To explore relations between maternal disciplinary styles, children's expectations of the outcomes of social strategies, and children's peer status, 144 mothers and their first‐ (N= 59) and fourth‐ (N= 85) grade children (ages = 70–86 months and 116–129 months, respectively) participated in home interviews prior to the beginning of the school year. Measures of children's sociometric status were obtained in classrooms after the school year began. Results indicated that children of mothers who were more power assertive in their disciplinary styles tended to be less accepted by peers and tended to expect successful outcomes for unfriendly‐assertive methods for resolving peer conflict (e.g., threatening to hit another child). In addition, children who expected unfriendly‐assertive strategies to lead to self‐oriented gains were less accepted by peers. Moreover, maternal disciplinary styles and outcome expectations for unfriendly‐assertive strategies were found to make separate and independent contributions to peer status.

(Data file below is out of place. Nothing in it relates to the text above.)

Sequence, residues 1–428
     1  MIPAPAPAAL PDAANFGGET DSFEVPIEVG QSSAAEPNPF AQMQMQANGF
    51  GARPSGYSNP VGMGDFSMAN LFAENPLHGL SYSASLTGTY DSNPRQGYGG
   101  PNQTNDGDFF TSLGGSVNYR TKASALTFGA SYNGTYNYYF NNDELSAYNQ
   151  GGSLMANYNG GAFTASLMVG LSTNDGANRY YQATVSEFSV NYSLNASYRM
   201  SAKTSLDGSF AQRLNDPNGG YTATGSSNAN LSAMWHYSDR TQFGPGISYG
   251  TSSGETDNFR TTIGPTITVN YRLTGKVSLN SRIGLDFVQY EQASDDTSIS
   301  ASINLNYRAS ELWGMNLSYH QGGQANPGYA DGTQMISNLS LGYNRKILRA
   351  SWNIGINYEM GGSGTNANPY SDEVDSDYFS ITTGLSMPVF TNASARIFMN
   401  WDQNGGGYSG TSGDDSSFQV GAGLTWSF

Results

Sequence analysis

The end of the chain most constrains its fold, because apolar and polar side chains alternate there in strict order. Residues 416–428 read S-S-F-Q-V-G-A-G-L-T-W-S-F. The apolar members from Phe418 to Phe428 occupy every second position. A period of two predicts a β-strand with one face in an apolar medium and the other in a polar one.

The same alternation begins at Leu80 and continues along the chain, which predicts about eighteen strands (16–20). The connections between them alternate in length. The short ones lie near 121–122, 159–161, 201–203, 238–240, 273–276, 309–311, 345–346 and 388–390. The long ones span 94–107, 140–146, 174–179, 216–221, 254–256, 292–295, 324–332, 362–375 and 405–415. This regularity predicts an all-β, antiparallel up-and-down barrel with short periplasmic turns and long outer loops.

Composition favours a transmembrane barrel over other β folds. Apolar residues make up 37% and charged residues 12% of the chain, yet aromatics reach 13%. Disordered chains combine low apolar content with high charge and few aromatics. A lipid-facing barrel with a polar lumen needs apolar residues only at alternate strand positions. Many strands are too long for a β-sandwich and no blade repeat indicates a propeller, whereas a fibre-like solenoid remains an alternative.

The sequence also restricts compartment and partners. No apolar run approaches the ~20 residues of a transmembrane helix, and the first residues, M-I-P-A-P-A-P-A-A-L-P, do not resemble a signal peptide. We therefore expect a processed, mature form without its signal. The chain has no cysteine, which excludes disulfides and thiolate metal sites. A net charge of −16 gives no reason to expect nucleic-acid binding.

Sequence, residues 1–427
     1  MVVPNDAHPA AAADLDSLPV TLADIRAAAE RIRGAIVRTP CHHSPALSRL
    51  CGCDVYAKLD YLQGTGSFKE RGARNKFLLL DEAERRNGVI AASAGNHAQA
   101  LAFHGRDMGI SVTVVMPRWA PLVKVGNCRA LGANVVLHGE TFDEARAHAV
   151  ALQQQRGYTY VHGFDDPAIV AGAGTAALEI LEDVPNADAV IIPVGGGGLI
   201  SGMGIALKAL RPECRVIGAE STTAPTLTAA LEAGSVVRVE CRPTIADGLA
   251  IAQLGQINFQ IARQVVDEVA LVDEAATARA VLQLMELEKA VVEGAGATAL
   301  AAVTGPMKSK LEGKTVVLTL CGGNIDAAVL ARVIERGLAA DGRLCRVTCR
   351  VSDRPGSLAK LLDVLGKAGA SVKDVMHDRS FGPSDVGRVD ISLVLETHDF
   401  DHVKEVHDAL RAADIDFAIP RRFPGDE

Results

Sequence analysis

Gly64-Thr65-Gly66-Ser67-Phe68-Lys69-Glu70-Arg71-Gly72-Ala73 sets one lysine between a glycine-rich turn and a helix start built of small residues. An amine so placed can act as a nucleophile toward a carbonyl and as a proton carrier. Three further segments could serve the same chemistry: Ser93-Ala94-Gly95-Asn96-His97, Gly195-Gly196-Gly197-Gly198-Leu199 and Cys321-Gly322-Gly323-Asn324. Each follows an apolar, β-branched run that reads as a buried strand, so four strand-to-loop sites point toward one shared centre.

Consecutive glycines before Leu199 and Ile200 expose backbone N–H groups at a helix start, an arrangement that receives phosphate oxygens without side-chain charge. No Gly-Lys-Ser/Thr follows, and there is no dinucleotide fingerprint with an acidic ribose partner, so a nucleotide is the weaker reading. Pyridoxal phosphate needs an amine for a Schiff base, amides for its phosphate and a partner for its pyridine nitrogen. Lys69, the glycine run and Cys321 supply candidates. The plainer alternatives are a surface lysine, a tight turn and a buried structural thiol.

|Original language||English (US)|
|Number of pages||11|
|State||Published - Feb 1990|
ASJC Scopus subject areas
- Pediatrics, Perinatology, and Child Health
- Developmental and Educational Psychology